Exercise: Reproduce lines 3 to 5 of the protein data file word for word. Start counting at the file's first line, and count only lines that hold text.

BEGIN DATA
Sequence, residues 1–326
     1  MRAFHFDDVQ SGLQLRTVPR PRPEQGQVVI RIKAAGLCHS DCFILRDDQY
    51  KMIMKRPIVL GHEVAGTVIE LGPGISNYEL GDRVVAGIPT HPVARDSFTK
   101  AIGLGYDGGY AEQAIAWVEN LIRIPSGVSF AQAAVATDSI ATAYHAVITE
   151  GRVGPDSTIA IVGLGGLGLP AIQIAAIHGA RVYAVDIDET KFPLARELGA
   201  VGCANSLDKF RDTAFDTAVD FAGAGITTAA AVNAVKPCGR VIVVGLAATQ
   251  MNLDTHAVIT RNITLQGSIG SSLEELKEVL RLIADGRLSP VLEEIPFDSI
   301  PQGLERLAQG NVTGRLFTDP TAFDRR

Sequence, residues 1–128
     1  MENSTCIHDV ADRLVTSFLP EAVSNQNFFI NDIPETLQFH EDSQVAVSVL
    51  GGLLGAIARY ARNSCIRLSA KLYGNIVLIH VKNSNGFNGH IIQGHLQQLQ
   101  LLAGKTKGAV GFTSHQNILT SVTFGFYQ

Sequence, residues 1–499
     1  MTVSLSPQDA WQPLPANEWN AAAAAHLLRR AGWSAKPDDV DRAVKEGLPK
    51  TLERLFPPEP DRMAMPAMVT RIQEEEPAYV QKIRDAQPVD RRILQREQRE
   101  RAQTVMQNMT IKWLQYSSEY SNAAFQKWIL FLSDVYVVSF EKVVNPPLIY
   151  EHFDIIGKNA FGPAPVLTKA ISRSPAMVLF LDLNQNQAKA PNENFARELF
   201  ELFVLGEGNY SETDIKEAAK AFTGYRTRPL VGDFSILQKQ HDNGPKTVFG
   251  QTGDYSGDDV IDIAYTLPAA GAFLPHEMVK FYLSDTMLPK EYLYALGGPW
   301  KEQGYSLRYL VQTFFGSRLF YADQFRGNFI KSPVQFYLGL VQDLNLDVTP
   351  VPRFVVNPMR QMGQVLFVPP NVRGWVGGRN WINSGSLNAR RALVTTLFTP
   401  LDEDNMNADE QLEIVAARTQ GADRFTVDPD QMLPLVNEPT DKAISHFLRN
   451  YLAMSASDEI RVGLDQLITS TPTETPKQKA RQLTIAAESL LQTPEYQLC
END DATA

    51  KMIMKRPIVL GHEVAGTVIE LGPGISNYEL GDRVVAGIPT HPVARDSFTK
   101  AIGLGYDGGY AEQAIAWVEN LIRIPSGVSF AQAAVATDSI ATAYHAVITE
   151  GRVGPDSTIA IVGLGGLGLP AIQIAAIHGA RVYAVDIDET KFPLARELGA